One is the case of the captive woman, in which the Torah allows soldiers to bring home captive enemy women and marry them. The second example is that of the rebellious son, in which the Torah sanctions the death penalty for a teenager who does not obey his parents and engages in hedonistic activities.
How can the Torah, people ask, be so cruel toward the captive women or the rebellious son? Wouldn't it be better to ban the practice of capturing women for marriage and to find a way to settle the differences of the rebellious son and his parents without using the electric chair?
The answer is that there is no other way, because human nature is not easily changed. In the captive woman's case there is recognition of the tremendously detrimental effect going to war has on our morals and values. The absolute power of having the ability to determine who shall live and who shall die, can absolutely corrupt the soldier's soul, be it the most innocent, pure and tender soul ever. Throughout the ages, conquering armies the world over raped, tortured and killed civilians, wreaking havoc in their path, and that trend doesn't seem likely to change in the future (remember Abu Ghraib, Haditha, etc.).
Instead of trying to uproot this tendency, the Torah goes around it. It allows the soldier to bring the captured woman back home and to marry her after she mourns her parents for a month. No longer in the heat of the battle, experiencing for a whole month the agony of his captive -- and maybe also having to face his wife-to-be's wrath -- tying the knot doesn't seem like such a good idea. Then the Torah tells the disappointed soldier to let the woman go free, not to sell her and not to cause her any more suffering. So what seemed to be a license to inhumane behavior turns out to be a genuine concern about morality and human dignity.
The case of the rebellious son plays out on a totally different level, where the Torah actually tricks the parents into revealing their personal lives to the court. Consider for a moment that these parents are willing to bring their child to justice for being a glutton, binging and maybe talking back to them ("Don't you use that tone with me, young man!"), and demand for him the death penalty. What would have happened if they did not have that option? Their child would probably join the statistics of hundreds of thousands of kids who are reported annually as physically, sexually and emotionally abused by their parents. If the court would not execute him for them, the parents were probably capable of doing it themselves. And what child would want to live with parents like these?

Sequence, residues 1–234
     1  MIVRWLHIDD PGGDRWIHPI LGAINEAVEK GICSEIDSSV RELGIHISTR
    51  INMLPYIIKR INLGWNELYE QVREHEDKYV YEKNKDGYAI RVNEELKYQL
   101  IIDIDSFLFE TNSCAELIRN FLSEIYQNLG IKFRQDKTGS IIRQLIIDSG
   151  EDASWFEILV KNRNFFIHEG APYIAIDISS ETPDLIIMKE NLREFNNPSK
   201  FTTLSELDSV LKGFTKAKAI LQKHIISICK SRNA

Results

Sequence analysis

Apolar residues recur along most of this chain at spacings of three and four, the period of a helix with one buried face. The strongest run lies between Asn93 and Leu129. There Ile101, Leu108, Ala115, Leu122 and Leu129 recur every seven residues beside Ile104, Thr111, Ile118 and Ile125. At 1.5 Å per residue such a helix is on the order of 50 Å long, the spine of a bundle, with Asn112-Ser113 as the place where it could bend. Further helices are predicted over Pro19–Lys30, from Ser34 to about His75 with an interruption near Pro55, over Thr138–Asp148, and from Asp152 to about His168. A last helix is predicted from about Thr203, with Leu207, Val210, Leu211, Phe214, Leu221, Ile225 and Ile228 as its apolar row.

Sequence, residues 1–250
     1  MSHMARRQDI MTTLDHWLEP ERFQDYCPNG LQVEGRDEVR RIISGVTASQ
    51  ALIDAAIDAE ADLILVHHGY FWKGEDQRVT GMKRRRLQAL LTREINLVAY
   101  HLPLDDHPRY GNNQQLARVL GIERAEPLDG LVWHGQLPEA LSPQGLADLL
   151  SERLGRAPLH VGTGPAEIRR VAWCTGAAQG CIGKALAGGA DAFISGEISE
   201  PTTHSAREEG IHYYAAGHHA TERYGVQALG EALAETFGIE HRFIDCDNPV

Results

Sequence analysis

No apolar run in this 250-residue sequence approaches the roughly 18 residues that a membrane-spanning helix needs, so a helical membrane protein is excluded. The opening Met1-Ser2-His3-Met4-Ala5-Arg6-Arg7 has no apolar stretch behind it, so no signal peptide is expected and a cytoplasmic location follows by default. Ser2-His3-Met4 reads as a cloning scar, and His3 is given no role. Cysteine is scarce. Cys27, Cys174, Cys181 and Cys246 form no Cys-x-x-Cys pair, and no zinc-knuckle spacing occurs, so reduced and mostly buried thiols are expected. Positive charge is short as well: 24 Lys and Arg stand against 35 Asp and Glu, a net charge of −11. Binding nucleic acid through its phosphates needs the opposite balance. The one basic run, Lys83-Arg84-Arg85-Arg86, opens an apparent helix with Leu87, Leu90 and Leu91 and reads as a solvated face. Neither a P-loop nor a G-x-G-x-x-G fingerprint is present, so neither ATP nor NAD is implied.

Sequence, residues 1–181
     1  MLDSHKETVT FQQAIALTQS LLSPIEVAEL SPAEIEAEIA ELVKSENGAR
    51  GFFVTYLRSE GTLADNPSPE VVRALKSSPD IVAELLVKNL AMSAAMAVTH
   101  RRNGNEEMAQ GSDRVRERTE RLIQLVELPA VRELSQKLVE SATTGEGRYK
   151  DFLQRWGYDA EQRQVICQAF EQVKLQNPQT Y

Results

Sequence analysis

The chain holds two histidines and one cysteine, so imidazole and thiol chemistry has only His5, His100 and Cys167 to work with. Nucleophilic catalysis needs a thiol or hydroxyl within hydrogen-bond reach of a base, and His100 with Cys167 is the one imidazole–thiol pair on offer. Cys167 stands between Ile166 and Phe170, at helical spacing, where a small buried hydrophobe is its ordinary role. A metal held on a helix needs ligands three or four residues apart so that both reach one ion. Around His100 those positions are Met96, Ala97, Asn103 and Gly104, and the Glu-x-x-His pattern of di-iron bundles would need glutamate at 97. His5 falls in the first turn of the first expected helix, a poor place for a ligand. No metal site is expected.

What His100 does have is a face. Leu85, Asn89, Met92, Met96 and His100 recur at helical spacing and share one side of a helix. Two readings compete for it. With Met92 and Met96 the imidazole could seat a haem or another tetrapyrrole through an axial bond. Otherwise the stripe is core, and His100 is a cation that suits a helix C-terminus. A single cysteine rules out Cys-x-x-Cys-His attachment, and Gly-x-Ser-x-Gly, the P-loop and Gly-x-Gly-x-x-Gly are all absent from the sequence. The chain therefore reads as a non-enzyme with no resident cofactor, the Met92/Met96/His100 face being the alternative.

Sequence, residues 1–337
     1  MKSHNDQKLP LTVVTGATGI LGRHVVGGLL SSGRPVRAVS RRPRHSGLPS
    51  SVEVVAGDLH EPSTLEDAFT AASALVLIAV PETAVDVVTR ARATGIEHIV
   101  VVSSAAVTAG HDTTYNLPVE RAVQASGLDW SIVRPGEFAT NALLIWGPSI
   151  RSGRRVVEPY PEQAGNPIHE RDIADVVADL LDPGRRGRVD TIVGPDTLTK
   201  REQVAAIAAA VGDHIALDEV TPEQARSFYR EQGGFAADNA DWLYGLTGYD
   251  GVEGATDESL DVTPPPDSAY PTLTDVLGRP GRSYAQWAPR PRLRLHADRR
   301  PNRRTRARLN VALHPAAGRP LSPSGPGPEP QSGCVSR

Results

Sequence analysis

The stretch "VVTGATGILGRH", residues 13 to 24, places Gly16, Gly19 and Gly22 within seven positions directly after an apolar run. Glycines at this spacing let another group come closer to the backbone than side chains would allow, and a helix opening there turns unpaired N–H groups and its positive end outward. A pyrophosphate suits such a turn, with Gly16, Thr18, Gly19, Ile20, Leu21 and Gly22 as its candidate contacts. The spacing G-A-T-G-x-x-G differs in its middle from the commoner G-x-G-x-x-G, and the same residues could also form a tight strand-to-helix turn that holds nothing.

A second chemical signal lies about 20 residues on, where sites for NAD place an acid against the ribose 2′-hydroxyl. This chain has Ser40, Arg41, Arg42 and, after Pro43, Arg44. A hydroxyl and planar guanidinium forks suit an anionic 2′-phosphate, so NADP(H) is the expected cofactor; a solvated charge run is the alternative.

The solution the Torah presents us with is brilliant in its simplicity. The parents are told that they can bring their defiant teenage son to court, where he will receive his punishment. The judges, meanwhile, find myriad reasons to reject the parents' plea; a procedure the rabbis solidified by setting rules that require the parents to look alike, talk in sync and more. As a result, there was never an execution, God forbid, of a rebellious child. But the untold part of the verdict, which had to remain hidden from the public lest it lose its power, is that the court would take custody of the child and relieve him of his dreadful parents. Thus the Torah established the first family service system with an extremely sophisticated filter -- the parents themselves. In that manner the Torah avoids the all-too-familiar problem of social workers, who forcefully separate families because of fraudulent reports or misjudging families of a lower socioeconomic level.
In both cases, what seemed a preposterous violation of human rights turns out to be an attempt to bypass our negative character traits in order to provide immediate remedy. The quest to actually change those traits is lifelong and one that it should never be too late to embark on.
Haim Ovadia is now the rabbi of Congregation Magen David of Beverly Hills.
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